Success Is Not Equivalent To Happiness

Posted by on Dec 21, 2007 in Philosophy | No Comments

Below is a joke from the Internet talking about what success is:
At age 4, success is…not peeing your pants.
At age 12, success is…having friends.
At age 20, success is…having sex.
At age 35, success is…making money.
At age 60, success is…having sex.
At age 70, success is…having friends.
At age 80, success is…not peeing your pants.
What is success? I think everyone has their own definition of success, and just as the joke describes, the definition changes as the person changes. So what is success? For me I think that if you do your best in everything you do and don’t have any regret in your heart thereby feeling at ease and happy I call it success. Sometimes real happiness is not from succeeding but from trying one’s utmost then even if you don’t succeed you can still feel happy.
In Taiwan there are many people who think that if you have a good job and high income then you are successful and, naturally, also happy. But research tells us differently. A study published a few days ago about medical doctors in Taiwan said these professionals have high social status and high income but only 30% think they are happy. In fact 13.7% of Taiwanese doctors have melancholia serious enough to need psychiatric help. Why are a lot of successful people unhappy? Because many people are living in others people perception of success and not from their own. For instance, many young people in Taiwan, when going to university, choose to study law, medicine and electrical engineering. This is not because they want to but because they are obeying what their parents are telling them to do. Their parents think being a lawyer, doctor or engineer is a good profession, ensuring that their children will be successful and have fulfilling lives. But now we see how only 30% of doctors think they are happy. We also see from newspaper gossip how many very successful people also have alcohol or drug problems.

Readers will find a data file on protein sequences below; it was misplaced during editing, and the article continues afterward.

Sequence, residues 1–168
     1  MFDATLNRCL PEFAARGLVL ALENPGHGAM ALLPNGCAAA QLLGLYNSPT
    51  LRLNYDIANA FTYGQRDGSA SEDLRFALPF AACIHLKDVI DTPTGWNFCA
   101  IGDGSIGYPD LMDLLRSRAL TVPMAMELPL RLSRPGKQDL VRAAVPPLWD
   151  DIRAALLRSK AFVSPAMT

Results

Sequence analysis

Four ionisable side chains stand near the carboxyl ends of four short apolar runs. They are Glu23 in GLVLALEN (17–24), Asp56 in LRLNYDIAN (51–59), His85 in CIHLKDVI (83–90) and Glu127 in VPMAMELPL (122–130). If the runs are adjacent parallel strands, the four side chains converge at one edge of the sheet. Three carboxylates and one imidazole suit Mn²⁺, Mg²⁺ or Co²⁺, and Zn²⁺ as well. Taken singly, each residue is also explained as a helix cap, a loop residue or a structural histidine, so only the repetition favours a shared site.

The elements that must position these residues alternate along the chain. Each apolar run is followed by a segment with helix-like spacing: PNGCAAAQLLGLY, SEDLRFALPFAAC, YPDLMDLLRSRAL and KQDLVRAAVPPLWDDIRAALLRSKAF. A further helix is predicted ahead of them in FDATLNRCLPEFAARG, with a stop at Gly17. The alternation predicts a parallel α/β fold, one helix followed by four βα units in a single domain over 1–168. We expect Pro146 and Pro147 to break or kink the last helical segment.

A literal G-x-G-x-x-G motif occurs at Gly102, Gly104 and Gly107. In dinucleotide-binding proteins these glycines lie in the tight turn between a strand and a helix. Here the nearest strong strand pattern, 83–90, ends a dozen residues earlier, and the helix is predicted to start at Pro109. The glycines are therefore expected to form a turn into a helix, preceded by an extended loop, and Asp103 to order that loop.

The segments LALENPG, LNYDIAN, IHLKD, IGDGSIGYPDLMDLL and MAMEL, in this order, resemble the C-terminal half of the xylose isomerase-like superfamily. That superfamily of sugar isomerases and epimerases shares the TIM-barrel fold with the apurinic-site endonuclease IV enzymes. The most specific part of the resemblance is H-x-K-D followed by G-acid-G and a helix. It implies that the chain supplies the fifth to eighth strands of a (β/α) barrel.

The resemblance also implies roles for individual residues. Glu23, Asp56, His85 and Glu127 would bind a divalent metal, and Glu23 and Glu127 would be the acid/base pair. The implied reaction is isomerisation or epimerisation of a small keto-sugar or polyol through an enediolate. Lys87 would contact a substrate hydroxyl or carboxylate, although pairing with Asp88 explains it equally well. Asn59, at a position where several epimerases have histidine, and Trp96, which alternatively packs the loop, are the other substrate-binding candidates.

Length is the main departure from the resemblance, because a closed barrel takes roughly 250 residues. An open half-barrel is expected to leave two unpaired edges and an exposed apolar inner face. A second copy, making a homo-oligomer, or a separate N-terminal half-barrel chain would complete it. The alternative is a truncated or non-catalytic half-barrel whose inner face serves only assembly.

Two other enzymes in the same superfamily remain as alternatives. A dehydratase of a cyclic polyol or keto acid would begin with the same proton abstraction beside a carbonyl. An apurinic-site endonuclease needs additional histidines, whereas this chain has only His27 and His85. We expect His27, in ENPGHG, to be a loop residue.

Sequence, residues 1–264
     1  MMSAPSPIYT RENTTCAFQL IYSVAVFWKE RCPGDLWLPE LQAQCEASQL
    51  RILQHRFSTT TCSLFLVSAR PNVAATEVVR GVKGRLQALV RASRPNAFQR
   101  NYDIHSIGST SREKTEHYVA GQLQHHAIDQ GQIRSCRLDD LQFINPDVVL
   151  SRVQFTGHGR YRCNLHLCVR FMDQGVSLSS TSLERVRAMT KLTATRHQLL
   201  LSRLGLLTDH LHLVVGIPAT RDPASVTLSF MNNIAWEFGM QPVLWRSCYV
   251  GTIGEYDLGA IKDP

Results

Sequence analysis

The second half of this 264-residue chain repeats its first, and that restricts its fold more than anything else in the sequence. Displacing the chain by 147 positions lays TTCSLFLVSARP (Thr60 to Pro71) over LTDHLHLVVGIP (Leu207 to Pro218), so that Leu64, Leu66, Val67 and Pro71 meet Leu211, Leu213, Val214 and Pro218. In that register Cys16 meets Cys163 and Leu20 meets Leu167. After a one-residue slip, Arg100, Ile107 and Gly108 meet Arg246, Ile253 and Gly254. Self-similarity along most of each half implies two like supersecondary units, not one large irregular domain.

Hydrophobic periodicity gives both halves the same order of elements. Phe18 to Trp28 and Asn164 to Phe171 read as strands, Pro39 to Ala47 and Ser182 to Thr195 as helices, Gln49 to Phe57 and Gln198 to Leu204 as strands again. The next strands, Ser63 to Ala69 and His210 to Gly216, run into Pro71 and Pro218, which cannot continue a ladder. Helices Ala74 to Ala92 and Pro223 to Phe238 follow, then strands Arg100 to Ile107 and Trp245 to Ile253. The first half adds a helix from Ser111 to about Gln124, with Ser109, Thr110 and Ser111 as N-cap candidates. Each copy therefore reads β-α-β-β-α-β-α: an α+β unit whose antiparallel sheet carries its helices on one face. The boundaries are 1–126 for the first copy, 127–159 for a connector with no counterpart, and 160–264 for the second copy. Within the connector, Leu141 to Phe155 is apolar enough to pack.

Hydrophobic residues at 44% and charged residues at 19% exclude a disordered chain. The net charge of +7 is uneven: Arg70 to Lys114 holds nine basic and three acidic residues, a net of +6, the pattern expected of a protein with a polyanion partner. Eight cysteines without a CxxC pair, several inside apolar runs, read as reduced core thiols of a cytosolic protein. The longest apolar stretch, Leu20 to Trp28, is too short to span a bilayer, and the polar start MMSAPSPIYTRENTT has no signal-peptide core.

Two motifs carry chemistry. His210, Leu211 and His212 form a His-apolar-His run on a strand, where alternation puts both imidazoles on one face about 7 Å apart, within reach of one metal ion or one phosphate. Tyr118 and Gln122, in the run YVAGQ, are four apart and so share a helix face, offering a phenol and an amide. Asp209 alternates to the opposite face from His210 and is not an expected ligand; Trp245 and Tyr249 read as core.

Success and money can bring happiness, but they are impermanent. If someone thinks success and wealthy are equivalent to happiness then he will relentlessly pursue endeavours that may brings success and wealth but in the end find that the endless pursuit has brought them no happiness and maybe even destroyed their life. Look at Conrad Black for an example.

How about freedom? Can it make people feel happy? There are two kinds of ; one is of the body and the other one is of the spirit. Many people think freedom is to let yourself do whatever your body urges. But submitting to the body’s desires is not real freedom. Real freedom is through self-restraint for then your spirit finds freedom. This is true freedom. Buddhist doctrine warns that indulging all desires or forbidding all desires will not lead the seeker to enlightenment; only the Middle way can! So to lead a satisfactory life and have happiness one cannot overindulge in nor prohibit all desires. You need a balance.

–Danny

Leave a Reply